Castor Oil Toxicity?

I was recently asked about castor oil, and whether there was a need to buy “detoxified” castor oil for use in soap. I’ve used castor oil in my soap for a long time because it makes marvelous creamy lather (at a use level of 4% to 10%). Even so, I did some checking into the toxicity issue.

According to the Wikipedia Castor Oil article, the raw castor seed contains ricin, a toxic protein. Heating during the oil extraction process denatures and inactivates the protein. Apparently even “cold pressed” castor oil is subsequently heated. has a huge amount of information about castor oil, including information on the extraction process which explains the different types of extraction and other processes that may be used to purify the oil.

The CDC has a page about Ricin, the toxin that is contained in the castor beans. It discusses ricin poisoning and how ricin is made, but there is absolutely no mention of ricin poisoning from castor oil—only from eating raw castor beans or being exposed to ricin manufactured from the waste material left over from processing castor beans.

I also found an in-depth article about the castor bean plant, The Castor Bean: A Plant Named After a Tick. It’s a pretty amazing plant! The article says:

There is no indication that any castor oil on the market contains residual ricin or is toxic (although overuse as a laxative can cause problems).

Types of Castor Oil

Castor oil be additionally processed to remove the odor (“deodored”) or the color (“bleached”) or to remove free fatty acids.

Castor oil is considered by the FDA as GRAS (generally regarded as safe) and is approved for use in foods and also for OTC drugs (laxatives and facial preparations).

“Detoxified” Castor Oil

Based on all of that, my guess is that someone using the term “detoxified” castor oil is doing so as a scare tactic to sell more of their product. It could be done intentionally, or they could be confusing it with castor oil that has been additionally processed.

Castor Oil in Soap

The castor oil available to most soapmakers in usually food grade. It is certainly safe for use in soap, and probably good enough to take internally, if you need a really good laxative! It’s a great addition to cold-process soap. I wouldn’t make soap without it!

Good Manufacturing Practices

Part of GMP is making sure that you have specifications in place for each of the ingredients you use. In the case of castor oil, you should be sure to specify whether you want the castor oil you use to be deodorized, bleached, or otherwise processed (or not). Most likely, you’d also want to specify that it is “food grade.”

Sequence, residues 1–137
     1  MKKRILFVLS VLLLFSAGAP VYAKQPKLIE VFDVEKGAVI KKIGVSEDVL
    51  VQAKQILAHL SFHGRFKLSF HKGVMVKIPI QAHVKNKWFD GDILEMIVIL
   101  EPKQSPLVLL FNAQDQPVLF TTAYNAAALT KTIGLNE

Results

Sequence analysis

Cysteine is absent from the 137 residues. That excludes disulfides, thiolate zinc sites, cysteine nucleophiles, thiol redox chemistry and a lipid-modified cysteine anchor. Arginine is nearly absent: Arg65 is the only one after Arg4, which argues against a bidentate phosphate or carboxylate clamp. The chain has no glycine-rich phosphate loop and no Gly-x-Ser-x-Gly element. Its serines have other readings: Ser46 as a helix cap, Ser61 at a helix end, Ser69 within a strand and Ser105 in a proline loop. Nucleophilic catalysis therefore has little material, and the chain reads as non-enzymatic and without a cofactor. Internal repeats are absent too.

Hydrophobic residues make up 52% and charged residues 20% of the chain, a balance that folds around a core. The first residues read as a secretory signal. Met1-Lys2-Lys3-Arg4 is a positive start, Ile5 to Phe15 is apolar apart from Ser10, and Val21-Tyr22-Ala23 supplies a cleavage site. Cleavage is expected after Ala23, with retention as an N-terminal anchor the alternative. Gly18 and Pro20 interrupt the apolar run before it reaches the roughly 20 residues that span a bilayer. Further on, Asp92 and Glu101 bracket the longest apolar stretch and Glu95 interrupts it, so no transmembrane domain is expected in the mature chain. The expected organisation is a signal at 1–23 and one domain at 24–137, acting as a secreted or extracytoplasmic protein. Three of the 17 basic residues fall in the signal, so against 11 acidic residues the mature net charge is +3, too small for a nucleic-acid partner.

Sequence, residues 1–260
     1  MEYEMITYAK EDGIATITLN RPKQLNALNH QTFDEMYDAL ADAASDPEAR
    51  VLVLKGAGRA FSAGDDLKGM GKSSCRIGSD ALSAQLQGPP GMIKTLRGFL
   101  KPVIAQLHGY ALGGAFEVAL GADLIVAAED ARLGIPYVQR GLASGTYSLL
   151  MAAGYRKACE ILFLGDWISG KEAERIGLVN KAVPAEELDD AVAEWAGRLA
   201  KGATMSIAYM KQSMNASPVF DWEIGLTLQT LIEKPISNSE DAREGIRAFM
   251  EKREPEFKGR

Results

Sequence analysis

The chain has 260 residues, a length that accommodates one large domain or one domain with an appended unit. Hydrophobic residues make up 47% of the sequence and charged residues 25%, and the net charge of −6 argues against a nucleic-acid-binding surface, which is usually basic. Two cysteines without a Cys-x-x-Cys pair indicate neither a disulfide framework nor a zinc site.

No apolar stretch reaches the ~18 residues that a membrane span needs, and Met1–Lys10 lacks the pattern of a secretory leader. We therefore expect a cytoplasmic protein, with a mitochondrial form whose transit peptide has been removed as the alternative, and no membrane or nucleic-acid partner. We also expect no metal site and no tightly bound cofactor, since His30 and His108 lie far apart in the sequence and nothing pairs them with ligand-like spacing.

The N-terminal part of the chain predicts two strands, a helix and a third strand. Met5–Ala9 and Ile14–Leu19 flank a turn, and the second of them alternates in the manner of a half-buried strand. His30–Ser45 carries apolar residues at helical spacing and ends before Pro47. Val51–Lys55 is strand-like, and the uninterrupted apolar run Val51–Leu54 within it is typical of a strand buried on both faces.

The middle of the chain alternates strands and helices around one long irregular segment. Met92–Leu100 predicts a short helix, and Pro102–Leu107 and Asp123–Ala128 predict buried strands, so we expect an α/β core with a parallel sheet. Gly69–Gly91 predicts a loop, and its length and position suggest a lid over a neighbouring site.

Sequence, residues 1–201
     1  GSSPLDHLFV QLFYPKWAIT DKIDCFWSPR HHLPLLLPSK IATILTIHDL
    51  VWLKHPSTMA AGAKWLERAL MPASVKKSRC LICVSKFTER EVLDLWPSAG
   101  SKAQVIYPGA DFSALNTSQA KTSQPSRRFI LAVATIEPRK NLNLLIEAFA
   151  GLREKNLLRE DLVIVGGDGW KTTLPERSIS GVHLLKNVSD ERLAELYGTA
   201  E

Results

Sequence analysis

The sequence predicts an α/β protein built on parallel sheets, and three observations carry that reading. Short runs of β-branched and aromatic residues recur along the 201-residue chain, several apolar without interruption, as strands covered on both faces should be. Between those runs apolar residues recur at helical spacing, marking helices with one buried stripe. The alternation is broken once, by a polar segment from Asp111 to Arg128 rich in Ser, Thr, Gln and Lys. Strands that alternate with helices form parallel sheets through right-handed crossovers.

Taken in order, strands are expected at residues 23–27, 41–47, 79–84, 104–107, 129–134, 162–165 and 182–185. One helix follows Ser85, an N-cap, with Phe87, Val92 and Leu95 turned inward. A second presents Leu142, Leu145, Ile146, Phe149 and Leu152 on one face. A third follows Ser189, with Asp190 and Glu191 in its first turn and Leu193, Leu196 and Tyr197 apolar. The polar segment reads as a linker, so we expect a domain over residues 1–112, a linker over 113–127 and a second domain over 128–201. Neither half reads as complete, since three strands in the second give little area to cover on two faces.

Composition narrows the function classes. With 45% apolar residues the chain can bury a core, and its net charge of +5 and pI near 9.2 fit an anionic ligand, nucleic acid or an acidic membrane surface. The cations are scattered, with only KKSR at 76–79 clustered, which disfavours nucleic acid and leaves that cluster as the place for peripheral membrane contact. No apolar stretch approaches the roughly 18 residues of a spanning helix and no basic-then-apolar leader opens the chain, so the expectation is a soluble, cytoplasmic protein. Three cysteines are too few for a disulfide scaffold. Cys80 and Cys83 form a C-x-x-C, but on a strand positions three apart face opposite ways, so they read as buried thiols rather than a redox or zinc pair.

Another part of GMP is having approved suppliers for each ingredient.

By having both these things in place, you can be certain that the castor oil (or any other ingredient) is of the quality you expect. If you need a new supplier, you have the specifications in place to ensure that you are getting the same quality of ingredient from the new supplier that you need and expect for producing the same quality of soap as you have made in the past.

Good Manufacturing Practices cover

Every handcrafter’s situation is different. To work out the good manufacturing practices that will work for you, get my book from Amazon and use it.


5 responses to “Castor Oil Toxicity?”

  1. I have bought cold pressed organic castor oil to try on a nasty skin tumour. I then read about the toxin in it that is removed by heating processes. I am worried because of it being cold pressed that it will be toxic? Have I got that wrong or right? Its confusing. I want to be sure its safe before I start.

    1. According to the Cosmetic Ingredient Review, castor oil is produced by cold pressing the seeds and subsequent clarification of the oil by heat. The Wikipedia article on Castor Oil no longer contains any references to ricin, but the article on Ricin states “The seeds of Ricinus communis are commonly crushed to extract castor oil. As ricin is not oil-soluble, little is found in the extracted castor oil. The extracted oil is also heated to more than 80 °C (176 °F) to denature any ricin that may be present.”

      From this, I would assume that “cold pressed organic castor oil” is initially cold pressed from organic castor beans and then heated afterwards. Nothing I’ve read indicates that products sold as “cold pressed castor oil” are toxic or contain residual ricin.

  2. Kathy Harris

    If some degraded organic coconut oil were to accidentally get inside a bottle of organic castor oil, would it render the castor oil toxic?

    1. Marie Gale

      It is unlikely that the contaminated castor oil would be toxic.

  3. I also get questions about castor oil. I can now explain in more depth, why it isn’t toxic and refer to this site. Thanks for all your efforts.

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